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Fracking and Health

Fracking and Health

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Health impacts of fracking
Health impacts of fracking

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Published by: James "Chip" Northrup on Jun 05, 2013
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12/07/2013

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On the Cover
 A
JN This Month
20
 
 A
JN
 
 
June 2013
 
 
Vol. 113, No. 6
 
ajnonline.com
 
On the Web
 AJN 
’s Web site,www.ajnonline.com, offers access to current and past issues (from 1900 on), podcasts, article collections,news alerts—and much more. Bookmark our blog, Off the Charts (http://ajnoffthecharts.com), to read frequent updatesand share your thoughts on what you see in your nursing world. Join us on Facebook (www.facebook.com/AJNfans), fol-low us on Twitter (http://twitter.com/AmJNurs), and be sure to download the new AJN app on your iPad.
WHAT WE’RE BLOGGING ABOUT
“Good Medicine,” by Marcy Phipps, RN, describes how music was the best medicine for one patient recovering from atraumatic brain injury (http://wp.me/prthD-3Oo). 
In “The Hands of Strangers,”
 AJN 
clinical managing editor Karen Roush reflects on the Boston Marathon bombing(http://wp.me/prthD-3Ob). 
When should crucial conversations about death be had with critically ill patients? Oncology nurse Julianna Paradisi dis-cusses her ideas on end-of-life education in “Birdcages: An Oncology Nurse on Crucial Information Patients Need AboutDying” (http://wp.me/prthD-3NB).
WHAT READERS ARE SAYING ON TWITTER, FACEBOOK, AND OUR BLOG
“My hospital has just created an order set called ‘Integrative Therapy.’ It includes choices like aromatherapy, massage, and Reiki. Iam amazed!”
“I can only imagine what it might be like, confined to an ICU bed, unable to control the sounds assault-ing your ears.”
“I have seen much death and dying over my 30 plus years as a nurse and personally as a health care proxy. There is no tidy solution and I have yet to see a scenario that played out as I would have imagined.
“I still think quality caregoes back to being able to have reasonable debates across disciplines instead of shooting orders and lists at eachother.”
 JUNE PODCASTS
Monthly highlights:
Listen to
 AJN 
editors discuss the contents of the June issue.
Behind the article:
Editor-in-chief Shawn Kennedy speaks with 
the authors of “Assessing Sleep in Adolescents Through a Better Understanding of Sleep Physiology.”
the authors of “Fracking, the Environment, and Health.”
O
n our cover this month is a photograph of WashingtonCounty, Pennsylvania, resident Jenny Smitzer. The jarof contaminated tap water she holds turned that color af-ter drilling for natural gas began in 2005 above her farm.Smitzer still showers in that water, but it is undrinkable, soshe must drink bottled water. This photograph is one of morethan four dozen on the subject of hydraulic fracturing, or frack-ing, by photographer Les Stone that appear on the Web site Pho-todocumentary by Les Stone (http://lesstonepublishorperish.blogspot.com), where he also writes about the harmful effectsthat extraction of natural gas from deep rock formations hashad on rural Pennsylvania.Eleven U.S. states currently engage in fracking,and eight more are either considering or preparing forthis method of gas drilling. The gas-rich area calledthe Marcellus shale, which is located beneath parts of Pennsylvania, Ohio, New York, and West Virginia, is beingtargeted by energy companies for drilling. In June 2012,the American Nurses Association passed a resolutioncalling for a moratorium on new drilling permits forfracking because of concern over the technique’s poten-tially harmful impact on human health and the environ-ment. This resolution, titled “Nurses’ Role in Recognizing,Educating and Advocating for Healthy Energy Choices,”also called on nurses to become engaged in energypolicy. For more on the potential health hazards causedby fracking, see “Fracking, the Environment, and Health”in this issue.—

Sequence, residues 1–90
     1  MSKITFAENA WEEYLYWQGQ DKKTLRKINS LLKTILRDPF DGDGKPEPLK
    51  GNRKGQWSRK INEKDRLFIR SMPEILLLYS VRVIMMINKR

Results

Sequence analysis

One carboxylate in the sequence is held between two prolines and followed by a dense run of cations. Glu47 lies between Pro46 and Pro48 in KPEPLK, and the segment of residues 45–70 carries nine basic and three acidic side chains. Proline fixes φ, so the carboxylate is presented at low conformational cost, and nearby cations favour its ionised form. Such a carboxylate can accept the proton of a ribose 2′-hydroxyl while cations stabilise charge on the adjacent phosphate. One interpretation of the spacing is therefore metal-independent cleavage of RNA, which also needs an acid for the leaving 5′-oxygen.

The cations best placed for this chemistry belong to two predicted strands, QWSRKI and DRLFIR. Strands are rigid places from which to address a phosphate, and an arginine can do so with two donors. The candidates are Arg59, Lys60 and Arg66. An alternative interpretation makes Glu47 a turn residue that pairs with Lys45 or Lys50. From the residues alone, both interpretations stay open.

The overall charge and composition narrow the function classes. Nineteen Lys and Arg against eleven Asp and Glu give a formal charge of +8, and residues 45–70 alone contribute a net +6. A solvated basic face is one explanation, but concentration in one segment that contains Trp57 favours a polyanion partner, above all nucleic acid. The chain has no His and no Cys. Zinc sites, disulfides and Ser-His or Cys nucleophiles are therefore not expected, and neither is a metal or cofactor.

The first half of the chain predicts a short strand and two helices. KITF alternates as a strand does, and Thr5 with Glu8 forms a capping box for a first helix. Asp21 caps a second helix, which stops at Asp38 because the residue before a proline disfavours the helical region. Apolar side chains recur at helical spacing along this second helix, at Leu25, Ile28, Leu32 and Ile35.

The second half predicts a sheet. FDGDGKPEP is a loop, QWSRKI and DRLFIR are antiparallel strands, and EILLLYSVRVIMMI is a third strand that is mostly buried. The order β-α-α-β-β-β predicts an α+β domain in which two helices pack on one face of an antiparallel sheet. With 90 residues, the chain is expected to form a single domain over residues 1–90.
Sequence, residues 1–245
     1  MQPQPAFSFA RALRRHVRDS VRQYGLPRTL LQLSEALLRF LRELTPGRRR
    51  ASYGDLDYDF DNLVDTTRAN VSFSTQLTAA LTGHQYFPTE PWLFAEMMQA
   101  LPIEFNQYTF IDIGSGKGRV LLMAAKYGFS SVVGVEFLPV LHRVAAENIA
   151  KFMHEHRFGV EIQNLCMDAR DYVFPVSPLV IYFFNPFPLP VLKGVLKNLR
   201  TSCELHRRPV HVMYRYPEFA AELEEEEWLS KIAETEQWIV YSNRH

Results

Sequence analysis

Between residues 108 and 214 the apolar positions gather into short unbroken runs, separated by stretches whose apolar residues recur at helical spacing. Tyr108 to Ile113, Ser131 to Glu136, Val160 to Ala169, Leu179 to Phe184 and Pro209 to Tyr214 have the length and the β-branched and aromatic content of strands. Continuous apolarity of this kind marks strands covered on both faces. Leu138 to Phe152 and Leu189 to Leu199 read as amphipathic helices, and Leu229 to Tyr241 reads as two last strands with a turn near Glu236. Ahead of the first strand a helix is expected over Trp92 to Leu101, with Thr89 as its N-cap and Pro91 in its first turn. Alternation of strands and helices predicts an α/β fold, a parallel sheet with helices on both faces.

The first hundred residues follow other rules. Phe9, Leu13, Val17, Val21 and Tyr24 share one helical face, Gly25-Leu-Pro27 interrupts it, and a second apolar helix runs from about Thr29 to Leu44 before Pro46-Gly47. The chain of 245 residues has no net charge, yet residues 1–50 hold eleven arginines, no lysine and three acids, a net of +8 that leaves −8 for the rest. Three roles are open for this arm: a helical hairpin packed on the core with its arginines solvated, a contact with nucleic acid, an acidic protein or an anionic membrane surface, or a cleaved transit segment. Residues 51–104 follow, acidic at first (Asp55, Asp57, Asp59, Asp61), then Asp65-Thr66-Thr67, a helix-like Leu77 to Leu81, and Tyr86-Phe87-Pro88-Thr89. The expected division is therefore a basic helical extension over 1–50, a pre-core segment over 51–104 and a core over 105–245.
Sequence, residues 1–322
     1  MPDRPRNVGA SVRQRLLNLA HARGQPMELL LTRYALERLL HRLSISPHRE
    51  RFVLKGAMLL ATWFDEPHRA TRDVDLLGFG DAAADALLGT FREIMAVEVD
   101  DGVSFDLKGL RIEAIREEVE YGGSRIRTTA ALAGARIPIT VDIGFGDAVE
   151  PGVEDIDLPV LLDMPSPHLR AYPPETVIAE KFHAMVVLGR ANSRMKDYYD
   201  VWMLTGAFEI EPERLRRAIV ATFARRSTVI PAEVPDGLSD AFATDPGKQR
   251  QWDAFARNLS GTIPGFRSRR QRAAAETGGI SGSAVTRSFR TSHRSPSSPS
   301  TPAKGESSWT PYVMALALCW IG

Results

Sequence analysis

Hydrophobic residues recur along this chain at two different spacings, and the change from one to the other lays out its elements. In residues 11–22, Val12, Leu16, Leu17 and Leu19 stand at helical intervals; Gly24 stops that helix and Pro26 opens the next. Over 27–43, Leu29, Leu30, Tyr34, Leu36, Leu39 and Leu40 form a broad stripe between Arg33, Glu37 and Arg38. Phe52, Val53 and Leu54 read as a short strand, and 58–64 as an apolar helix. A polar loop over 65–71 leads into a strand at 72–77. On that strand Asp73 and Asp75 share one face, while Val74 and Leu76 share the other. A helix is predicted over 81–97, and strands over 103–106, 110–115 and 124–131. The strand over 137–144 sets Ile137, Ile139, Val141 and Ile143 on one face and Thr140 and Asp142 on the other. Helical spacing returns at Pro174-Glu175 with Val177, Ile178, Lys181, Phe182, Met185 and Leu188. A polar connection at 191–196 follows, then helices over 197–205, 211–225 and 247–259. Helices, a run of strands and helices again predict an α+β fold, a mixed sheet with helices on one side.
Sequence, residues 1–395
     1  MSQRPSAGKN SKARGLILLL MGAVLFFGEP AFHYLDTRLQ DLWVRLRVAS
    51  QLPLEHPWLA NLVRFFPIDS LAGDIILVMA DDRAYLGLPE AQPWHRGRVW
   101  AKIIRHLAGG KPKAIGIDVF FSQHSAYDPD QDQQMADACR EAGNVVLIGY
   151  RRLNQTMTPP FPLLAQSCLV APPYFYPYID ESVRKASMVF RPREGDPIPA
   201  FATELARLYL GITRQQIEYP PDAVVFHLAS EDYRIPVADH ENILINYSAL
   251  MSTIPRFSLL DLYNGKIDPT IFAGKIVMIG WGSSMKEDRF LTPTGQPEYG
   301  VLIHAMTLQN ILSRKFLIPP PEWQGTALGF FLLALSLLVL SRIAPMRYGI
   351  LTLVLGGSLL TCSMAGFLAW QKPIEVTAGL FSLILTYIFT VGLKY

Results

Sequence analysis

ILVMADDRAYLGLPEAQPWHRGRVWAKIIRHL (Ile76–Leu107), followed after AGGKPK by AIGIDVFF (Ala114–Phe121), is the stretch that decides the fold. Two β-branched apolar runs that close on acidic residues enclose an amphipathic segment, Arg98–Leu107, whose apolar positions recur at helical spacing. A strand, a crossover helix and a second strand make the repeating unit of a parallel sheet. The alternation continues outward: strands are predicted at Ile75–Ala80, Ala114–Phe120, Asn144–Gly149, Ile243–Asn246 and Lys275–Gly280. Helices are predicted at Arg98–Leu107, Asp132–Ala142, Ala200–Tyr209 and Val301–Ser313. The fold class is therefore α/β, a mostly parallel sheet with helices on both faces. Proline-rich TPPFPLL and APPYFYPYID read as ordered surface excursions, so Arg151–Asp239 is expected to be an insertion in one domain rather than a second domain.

Michael Fergenson, senior editorial coordinator 
 
 
ENVIRONMENTS & HEALTH
ajn@wolterskluwer.com
 
 A
JN
 
 
June 2013
 
 
Vol. 113, No. 6
45
Fracking, the Environment, and Health
New energy practices may threaten public health.
M
elissa Owen became concerned when her10-year-old son developed such severe nose-bleeds that she used tampons to stop thebleeding. Soon after, a blistering rash appeared onhis skin, and his sister began having similar nose-bleeds. The Colorado family’s physician attributedthese symptoms to air pollution caused by the use of hydraulic fracturing—“fracking”—to extract natu-ral gas in their community. He recommended theymove.In northeastern Pennsylvania, the Micelles familythought signing a lease to allow fracking operationson their farm would relieve some of their financialburden. But within the first week of drilling, ElizabethMicelles noticed a sweet odor and a metallic taste inher mouth; by the second week, she and her husbandand three children were experiencing fatigue, dizzi-ness, vomiting, headaches, and nosebleeds. A visit totheir NP and laboratory tests revealed that each hadmeasurable levels of benzene, a known human car-cinogen, in their blood.These acute health problems are common amongpeople living in communities in which “unconven-tional” oil and natural gas extraction, such as frack-ing, occurs. (These examples are composites based onthe experiences of families affected by fracking ascompiled by the Damascus Citizens for Sustainabil-ity.
1
) Common symptoms or complications amongpeople living near fracking sites include
2-4
•
fatigue.
•
burning eyes.
•
dermatologic irritation.
•
headache.
•
upper respiratory (difficulty breathing), gastroin-testinal (severe abdominal pain), musculoskeletal(backache), neurologic (confusion, delirium),immunologic, sensory (smell and hearing), vas-cular, bone marrow (nosebleeds), endocrine, andurologic problems.